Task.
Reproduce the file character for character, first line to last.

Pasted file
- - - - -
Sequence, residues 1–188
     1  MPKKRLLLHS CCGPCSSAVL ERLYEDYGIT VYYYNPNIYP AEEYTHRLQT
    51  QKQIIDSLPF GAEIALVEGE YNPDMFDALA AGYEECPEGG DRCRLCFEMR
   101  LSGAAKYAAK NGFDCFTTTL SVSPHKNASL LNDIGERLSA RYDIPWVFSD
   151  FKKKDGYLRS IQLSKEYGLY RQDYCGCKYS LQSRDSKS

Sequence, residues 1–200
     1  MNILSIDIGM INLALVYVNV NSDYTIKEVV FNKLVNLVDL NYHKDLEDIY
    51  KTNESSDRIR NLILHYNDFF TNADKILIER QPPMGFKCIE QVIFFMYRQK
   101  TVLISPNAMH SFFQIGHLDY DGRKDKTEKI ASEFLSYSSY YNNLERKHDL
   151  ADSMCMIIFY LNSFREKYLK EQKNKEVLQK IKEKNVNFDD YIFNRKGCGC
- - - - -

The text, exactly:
Sequence, residues 1–188
     1  MPKKRLLLHS CCGPCSSAVL ERLYEDYGIT VYYYNPNIYP AEEYTHRLQT
    51  QKQIIDSLPF GAEIALVEGE YNPDMFDALA AGYEECPEGG DRCRLCFEMR
   101  LSGAAKYAAK NGFDCFTTTL SVSPHKNASL LNDIGERLSA RYDIPWVFSD
   151  FKKKDGYLRS IQLSKEYGLY RQDYCGCKYS LQSRDSKS

Sequence, residues 1–200
     1  MNILSIDIGM INLALVYVNV NSDYTIKEVV FNKLVNLVDL NYHKDLEDIY
    51  KTNESSDRIR NLILHYNDFF TNADKILIER QPPMGFKCIE QVIFFMYRQK
   101  TVLISPNAMH SFFQIGHLDY DGRKDKTEKI ASEFLSYSSY YNNLERKHDL
   151  ADSMCMIIFY LNSFREKYLK EQKNKEVLQK IKEKNVNFDD YIFNRKGCGC